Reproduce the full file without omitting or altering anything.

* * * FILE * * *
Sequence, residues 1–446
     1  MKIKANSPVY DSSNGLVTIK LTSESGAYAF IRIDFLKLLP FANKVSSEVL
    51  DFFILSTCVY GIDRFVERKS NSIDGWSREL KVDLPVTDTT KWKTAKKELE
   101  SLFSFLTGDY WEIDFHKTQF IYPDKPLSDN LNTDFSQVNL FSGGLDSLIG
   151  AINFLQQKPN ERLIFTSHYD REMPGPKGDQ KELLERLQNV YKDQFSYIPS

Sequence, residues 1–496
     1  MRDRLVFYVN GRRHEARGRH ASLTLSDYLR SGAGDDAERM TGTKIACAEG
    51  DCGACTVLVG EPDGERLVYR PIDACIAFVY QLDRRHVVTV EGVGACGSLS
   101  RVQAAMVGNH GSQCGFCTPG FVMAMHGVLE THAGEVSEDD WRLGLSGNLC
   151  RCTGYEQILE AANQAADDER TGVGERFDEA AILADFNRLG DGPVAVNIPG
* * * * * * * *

Sequence, residues 1–446
     1  MKIKANSPVY DSSNGLVTIK LTSESGAYAF IRIDFLKLLP FANKVSSEVL
    51  DFFILSTCVY GIDRFVERKS NSIDGWSREL KVDLPVTDTT KWKTAKKELE
   101  SLFSFLTGDY WEIDFHKTQF IYPDKPLSDN LNTDFSQVNL FSGGLDSLIG
   151  AINFLQQKPN ERLIFTSHYD REMPGPKGDQ KELLERLQNV YKDQFSYIPS

Sequence, residues 1–496
     1  MRDRLVFYVN GRRHEARGRH ASLTLSDYLR SGAGDDAERM TGTKIACAEG
    51  DCGACTVLVG EPDGERLVYR PIDACIAFVY QLDRRHVVTV EGVGACGSLS
   101  RVQAAMVGNH GSQCGFCTPG FVMAMHGVLE THAGEVSEDD WRLGLSGNLC
   151  RCTGYEQILE AANQAADDER TGVGERFDEA AILADFNRLG DGPVAVNIPG